A trip to Cameron Highlands would not be complete without the obligatory yin yang steamboat dinner, since the ambient temperature and wind chill factor can be pretty cold at night. We went southbound to Brinchang instead of Tanah Rata but it turns out that both towns were equally packed with tourists.
There are a lot of places offering steamboat dinners, most of them yin yang style – so called due to the two different broths and the similarity to the symbol of good and evil. We went to Restaurant Mountain House Hotel, which offers “organic” steamboat priced at RM 16 per head.
The yin yang steamboat comes with seafood, tofu (urgh…), noodles, rice vermicelli, assorted super processed food, and homegrown vegetables. Cameron Highlands produces a huge amount of fresh, organically grown vegetables, so it’s really cheap there…which is probably why we got an ultra generous portion of veggies.
The yin yang steamboat consists of a chicken broth and a tom yam broth – it’s usually a mild broth with a spicy broth, keeping with the themes of absolute good and absolute evil. Exhibit A above shows the patented sixthseal.com method of ensuring your noodles are cooked.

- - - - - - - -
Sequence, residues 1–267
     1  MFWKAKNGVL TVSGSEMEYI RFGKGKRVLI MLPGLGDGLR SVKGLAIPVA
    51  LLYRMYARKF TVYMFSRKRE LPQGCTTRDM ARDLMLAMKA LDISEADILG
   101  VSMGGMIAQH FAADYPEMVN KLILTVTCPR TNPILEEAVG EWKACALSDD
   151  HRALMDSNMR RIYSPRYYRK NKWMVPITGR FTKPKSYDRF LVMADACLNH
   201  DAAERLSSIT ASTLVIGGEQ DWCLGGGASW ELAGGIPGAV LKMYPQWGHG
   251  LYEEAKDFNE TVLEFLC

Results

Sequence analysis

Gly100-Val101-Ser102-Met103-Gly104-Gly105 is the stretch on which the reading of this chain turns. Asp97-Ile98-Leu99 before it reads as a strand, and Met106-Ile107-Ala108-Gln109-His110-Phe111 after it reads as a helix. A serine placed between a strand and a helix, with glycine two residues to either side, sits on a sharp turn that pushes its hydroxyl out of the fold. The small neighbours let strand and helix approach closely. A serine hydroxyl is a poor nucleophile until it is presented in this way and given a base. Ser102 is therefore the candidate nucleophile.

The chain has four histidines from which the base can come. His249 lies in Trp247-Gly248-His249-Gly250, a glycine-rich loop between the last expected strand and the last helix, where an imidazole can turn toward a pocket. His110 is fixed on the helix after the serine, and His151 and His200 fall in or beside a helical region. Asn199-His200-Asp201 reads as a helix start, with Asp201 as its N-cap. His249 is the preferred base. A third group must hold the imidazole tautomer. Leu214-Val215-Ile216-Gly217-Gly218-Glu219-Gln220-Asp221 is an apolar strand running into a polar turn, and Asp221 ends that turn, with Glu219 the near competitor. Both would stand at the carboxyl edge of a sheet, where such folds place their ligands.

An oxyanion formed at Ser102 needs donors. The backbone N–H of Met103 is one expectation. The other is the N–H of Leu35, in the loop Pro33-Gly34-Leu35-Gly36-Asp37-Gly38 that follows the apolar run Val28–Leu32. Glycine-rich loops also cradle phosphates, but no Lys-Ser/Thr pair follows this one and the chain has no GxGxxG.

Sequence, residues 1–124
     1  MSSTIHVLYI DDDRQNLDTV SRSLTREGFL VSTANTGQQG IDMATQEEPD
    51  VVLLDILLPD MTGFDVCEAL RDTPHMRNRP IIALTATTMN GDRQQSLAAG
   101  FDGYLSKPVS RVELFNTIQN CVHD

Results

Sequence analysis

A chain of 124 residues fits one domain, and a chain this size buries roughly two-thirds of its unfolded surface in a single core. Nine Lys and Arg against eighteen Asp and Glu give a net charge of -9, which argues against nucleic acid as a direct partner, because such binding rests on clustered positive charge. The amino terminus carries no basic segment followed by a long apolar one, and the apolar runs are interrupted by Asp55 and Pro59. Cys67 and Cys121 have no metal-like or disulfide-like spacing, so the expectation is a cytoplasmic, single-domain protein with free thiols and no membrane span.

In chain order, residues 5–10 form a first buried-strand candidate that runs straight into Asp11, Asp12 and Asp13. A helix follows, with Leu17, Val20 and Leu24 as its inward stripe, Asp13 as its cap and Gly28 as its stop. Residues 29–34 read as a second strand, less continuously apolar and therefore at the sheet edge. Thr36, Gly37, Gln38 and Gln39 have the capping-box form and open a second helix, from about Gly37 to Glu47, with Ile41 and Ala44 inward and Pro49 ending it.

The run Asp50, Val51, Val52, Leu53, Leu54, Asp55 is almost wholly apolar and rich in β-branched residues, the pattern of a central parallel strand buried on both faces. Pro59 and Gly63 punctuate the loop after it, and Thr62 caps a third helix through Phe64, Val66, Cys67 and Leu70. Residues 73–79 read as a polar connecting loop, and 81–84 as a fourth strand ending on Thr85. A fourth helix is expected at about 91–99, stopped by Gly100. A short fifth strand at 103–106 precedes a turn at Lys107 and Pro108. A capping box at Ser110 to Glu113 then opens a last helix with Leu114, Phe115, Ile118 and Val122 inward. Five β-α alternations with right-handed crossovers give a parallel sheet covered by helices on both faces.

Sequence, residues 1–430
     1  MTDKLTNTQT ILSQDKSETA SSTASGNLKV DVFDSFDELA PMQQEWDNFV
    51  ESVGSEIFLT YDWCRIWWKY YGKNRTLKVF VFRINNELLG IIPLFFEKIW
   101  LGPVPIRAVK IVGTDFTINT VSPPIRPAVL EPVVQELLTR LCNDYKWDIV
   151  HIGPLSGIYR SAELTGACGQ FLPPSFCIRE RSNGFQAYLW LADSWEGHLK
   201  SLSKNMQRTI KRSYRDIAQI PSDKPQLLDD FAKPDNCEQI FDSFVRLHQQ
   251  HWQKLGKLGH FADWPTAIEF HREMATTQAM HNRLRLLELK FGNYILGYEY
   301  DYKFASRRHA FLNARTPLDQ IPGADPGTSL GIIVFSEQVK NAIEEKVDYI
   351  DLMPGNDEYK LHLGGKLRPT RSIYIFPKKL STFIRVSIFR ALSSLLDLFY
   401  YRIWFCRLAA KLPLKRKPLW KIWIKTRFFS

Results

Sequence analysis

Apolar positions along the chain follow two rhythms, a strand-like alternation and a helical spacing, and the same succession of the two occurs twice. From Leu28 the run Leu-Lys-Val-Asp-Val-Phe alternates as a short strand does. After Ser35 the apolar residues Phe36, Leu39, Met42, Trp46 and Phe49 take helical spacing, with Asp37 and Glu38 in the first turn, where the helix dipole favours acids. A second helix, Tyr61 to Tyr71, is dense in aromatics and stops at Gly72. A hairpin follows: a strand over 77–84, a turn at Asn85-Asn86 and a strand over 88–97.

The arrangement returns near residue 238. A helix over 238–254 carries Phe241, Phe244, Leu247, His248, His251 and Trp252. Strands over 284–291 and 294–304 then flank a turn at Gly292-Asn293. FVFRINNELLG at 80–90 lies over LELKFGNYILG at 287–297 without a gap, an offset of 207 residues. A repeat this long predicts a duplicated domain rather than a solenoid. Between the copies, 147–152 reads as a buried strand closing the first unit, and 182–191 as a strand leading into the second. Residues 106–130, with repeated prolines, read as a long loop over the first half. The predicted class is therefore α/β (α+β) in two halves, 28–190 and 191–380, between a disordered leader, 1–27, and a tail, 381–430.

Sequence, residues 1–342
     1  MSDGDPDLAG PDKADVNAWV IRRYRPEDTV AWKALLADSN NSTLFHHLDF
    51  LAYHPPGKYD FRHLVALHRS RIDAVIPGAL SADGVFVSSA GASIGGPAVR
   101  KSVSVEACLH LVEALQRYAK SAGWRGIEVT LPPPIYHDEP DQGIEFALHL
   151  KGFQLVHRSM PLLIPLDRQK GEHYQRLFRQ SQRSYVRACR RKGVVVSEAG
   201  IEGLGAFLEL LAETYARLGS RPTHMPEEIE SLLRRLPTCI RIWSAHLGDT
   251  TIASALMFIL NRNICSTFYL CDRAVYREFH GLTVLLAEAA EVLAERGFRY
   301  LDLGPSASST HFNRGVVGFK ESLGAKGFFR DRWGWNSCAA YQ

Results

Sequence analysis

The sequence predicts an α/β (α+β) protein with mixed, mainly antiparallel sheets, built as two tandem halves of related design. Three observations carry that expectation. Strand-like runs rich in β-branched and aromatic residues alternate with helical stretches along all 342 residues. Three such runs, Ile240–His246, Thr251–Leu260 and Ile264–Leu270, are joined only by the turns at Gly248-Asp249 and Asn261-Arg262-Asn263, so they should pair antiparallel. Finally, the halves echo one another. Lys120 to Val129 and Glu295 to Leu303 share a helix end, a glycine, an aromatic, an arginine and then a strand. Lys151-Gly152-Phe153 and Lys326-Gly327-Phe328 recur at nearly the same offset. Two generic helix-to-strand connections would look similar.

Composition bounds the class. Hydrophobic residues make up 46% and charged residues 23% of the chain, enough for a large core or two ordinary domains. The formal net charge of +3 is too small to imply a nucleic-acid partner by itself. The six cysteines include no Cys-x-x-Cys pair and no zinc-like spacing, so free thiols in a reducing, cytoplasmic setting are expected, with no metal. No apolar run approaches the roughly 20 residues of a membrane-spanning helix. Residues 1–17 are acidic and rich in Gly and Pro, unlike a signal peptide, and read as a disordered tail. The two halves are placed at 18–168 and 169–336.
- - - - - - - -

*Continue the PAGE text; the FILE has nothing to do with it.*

1. Use your chopsticks to snag some noodles.
2. Apply pressure to the noodles with your fingernails.
3. It needs to be slightly soggier than al dente – you’ll get a feel for it (pun not intended) the more you do it.
It was originally invented a good 17 years ago by yours truly, intended to gauge whether instant noodles are ready to eat when I started cooking Maggi at 10. 🙂
This photo is making the post look dated – I went to Cameron Highlands with my ex last month, but never got around to posting it until today due to a massive backlog of posts. Quickly switching subjects, the vegetables in Cameron Highlands comes in the most vibrant shade of green I have ever seen!
Nooooo….no more veggies!